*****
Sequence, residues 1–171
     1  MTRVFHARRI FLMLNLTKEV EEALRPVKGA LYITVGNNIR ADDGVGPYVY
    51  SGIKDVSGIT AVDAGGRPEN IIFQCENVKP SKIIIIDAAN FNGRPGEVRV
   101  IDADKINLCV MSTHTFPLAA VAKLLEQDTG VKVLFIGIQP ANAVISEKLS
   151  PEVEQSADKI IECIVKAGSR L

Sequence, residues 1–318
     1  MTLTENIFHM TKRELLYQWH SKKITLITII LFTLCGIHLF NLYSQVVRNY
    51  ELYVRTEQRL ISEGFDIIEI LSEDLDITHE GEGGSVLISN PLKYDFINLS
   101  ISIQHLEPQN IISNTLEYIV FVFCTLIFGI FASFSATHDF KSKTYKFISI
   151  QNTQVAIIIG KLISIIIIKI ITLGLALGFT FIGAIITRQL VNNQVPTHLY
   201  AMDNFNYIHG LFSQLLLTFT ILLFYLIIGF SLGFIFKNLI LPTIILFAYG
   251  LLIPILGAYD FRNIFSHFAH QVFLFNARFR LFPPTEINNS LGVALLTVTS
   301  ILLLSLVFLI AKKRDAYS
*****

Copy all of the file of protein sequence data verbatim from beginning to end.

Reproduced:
Sequence, residues 1–171
     1  MTRVFHARRI FLMLNLTKEV EEALRPVKGA LYITVGNNIR ADDGVGPYVY
    51  SGIKDVSGIT AVDAGGRPEN IIFQCENVKP SKIIIIDAAN FNGRPGEVRV
   101  IDADKINLCV MSTHTFPLAA VAKLLEQDTG VKVLFIGIQP ANAVISEKLS
   151  PEVEQSADKI IECIVKAGSR L

Sequence, residues 1–318
     1  MTLTENIFHM TKRELLYQWH SKKITLITII LFTLCGIHLF NLYSQVVRNY
    51  ELYVRTEQRL ISEGFDIIEI LSEDLDITHE GEGGSVLISN PLKYDFINLS
   101  ISIQHLEPQN IISNTLEYIV FVFCTLIFGI FASFSATHDF KSKTYKFISI
   151  QNTQVAIIIG KLISIIIIKI ITLGLALGFT FIGAIITRQL VNNQVPTHLY
   201  AMDNFNYIHG LFSQLLLTFT ILLFYLIIGF SLGFIFKNLI LPTIILFAYG
   251  LLIPILGAYD FRNIFSHFAH QVFLFNARFR LFPPTEINNS LGVALLTVTS
   301  ILLLSLVFLI AKKRDAYS